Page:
University of California Halts Plan to Partner with Dignity Health

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SAN FRANCISCO  In response to intensifying pressure from UCSF students and faculty, policymakers, and reproductive justice and LGBTQ advocates, the UCSF Chancellor and the President and CEO of UCSF Health today announced that they will not continue to pursue expanded affiliation with Catholic hospital system Dignity Health “as it had been envisioned.”

Statement from Phyllida Burlingame, Reproductive Justice and Gender Equity Director of the ACLU Foundation of Northern California

“We are heartened that UCSF has listened to students, faculty, and concerned Californians and stepped back from expanding a deeply misguided, problematic partnership with Dignity Health, a Catholic hospital system that makes its decisions based on religion, not on the best care for patients. This is a good first step. It shows that Californians can band together against discrimination and in support of everyone getting the health care they need. At the same time, Dignity Health is still the largest hospital system in California, with 31 hospitals, and it is still denying the medical standard of care based on religious doctrine.”

“Moreover, UCSF’s statement suggests that it intends to continue some level of partnership that we believe could still subject patients to religiously based denials of care. We will continue to engage with UCSF to ensure that it upholds its values as a public institution. And, we will continue to push throughout California for health care based on evidence, not religious doctrine.”

Statement from Evan Minton, plaintiff in a lawsuit against Dignity Health for denying care because he is transgender

“I am so relieved to hear that the UC Regents are no longer planning to expand their partnership with Dignity Health. I am grateful they heard the voices of all the Californians who spoke up. I was so afraid for the people who would be going to UCSF expecting to be treated by an institution that is leading the way in LGBTQ and reproductive care, and instead facing the kind of discrimination I faced. The discrimination devastated me, and I don’t want that to happen to anyone else.”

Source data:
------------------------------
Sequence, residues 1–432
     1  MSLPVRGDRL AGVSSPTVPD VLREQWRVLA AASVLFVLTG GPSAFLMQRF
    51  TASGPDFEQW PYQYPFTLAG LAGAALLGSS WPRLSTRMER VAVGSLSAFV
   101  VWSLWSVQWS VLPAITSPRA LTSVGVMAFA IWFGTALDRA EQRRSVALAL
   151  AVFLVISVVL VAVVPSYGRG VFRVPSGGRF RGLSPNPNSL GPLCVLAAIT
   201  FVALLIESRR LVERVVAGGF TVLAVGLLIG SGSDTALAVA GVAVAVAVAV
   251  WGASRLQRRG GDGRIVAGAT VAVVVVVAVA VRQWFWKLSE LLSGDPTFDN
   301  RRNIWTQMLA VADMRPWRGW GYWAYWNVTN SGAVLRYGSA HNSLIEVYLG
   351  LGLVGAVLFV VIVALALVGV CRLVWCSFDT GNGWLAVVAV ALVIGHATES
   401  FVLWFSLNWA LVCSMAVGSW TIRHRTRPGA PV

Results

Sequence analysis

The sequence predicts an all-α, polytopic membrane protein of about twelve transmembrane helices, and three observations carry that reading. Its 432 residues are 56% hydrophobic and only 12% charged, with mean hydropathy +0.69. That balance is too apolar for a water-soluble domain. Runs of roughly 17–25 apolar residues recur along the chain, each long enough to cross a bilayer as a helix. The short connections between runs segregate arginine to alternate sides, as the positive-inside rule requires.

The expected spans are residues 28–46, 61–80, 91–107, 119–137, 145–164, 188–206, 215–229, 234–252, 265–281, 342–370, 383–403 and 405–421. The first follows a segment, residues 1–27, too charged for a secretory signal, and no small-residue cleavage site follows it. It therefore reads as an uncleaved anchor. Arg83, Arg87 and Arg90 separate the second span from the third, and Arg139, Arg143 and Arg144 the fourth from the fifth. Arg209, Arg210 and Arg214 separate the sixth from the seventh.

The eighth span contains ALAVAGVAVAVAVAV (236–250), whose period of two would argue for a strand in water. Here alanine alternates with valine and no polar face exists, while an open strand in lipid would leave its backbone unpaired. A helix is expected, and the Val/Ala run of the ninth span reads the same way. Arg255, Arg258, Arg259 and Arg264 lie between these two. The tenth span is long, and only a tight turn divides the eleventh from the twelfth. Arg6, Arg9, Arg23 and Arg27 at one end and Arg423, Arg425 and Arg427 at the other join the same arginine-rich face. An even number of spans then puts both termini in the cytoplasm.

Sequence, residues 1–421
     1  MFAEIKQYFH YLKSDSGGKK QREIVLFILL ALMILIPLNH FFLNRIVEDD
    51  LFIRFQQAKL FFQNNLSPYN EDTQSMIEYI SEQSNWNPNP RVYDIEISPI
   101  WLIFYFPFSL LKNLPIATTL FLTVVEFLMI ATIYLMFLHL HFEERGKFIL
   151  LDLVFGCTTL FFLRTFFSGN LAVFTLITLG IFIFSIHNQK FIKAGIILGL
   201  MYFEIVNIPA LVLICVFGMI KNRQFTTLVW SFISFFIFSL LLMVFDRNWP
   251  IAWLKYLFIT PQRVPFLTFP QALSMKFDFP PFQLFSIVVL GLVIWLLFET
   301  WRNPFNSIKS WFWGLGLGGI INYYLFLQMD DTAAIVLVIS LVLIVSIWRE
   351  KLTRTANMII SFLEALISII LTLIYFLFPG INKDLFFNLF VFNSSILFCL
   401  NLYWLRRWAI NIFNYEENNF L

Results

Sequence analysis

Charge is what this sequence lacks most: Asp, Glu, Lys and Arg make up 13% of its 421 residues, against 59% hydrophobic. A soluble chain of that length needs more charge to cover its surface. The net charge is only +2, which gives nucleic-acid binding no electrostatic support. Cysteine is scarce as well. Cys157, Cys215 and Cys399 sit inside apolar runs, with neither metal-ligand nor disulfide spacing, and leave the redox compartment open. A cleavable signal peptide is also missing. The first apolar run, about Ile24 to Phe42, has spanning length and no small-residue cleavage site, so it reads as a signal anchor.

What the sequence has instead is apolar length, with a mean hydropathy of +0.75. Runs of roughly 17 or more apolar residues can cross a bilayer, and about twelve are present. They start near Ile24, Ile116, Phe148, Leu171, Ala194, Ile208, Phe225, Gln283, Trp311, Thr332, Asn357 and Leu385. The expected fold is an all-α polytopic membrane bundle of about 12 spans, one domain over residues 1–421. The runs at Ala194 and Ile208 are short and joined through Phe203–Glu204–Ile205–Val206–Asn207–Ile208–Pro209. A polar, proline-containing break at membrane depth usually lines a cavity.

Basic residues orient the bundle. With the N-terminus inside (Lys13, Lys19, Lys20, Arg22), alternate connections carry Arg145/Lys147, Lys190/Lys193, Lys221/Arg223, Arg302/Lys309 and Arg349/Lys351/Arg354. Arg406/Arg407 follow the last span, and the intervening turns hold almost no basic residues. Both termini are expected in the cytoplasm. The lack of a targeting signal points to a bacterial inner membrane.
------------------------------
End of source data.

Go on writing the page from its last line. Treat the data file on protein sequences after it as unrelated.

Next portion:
“I will continue to fight discrimination at Catholic hospitals to try and make sure that no other trans person has to struggle for appropriate care like I did. UCSF has said they will still be looking for ways to meet their patients’ needs, but I hope they now know that partnering with Dignity Health hurts patients. I will continue to speak out until I feel sure that UCSF is only in partnerships that protect my transgender brothers and sisters.”

Over 1,700 faculty and staff at UCSF signed a petition calling on UC to reject this partnership, and dozens of people spoke out at Regents' meetings in San Francisco and Los Angeles. Elected officials in Sacramento also expressed their deep concerns.

About Dignity Health and denial of care based on religion

Dignity Health and other Catholic health care institutions must follow religious directives issued by the United States Conference of Catholic Bishops. These directives expressly prohibit hospitals from providing a range of comprehensive reproductive health services, including contraception, sterilization, and abortion; and go so far as to characterize these procedures as “intrinsically evil.” Patients in Catholic hospitals have been denied the medical standard of care during miscarriages and when seeking to get their “tubes tied” after giving birth.

Additionally, the Catholic Bishops do not recognize transgender people and therefore do not permit patients to receive gender-affirming care in Catholic facilities. Procedures that are routinely performed for cisgender patients have been systematically denied for transgender patients, including at Dignity Health hospitals.

Health care refusals based on religion are getting a great deal of attention, due to the Trump administration’s new rule and the creation of an enforcement mechanism within the Department of Health and Human Services. There are also several pending lawsuits filed by people who were discriminated against and denied care by Catholic hospitals in California, including two brought by the ACLU against Dignity Health, Chamorro v. Dignity Health, and Minton v. Dignity Health.

More patients’ stories of being denied care based on religion can be found at




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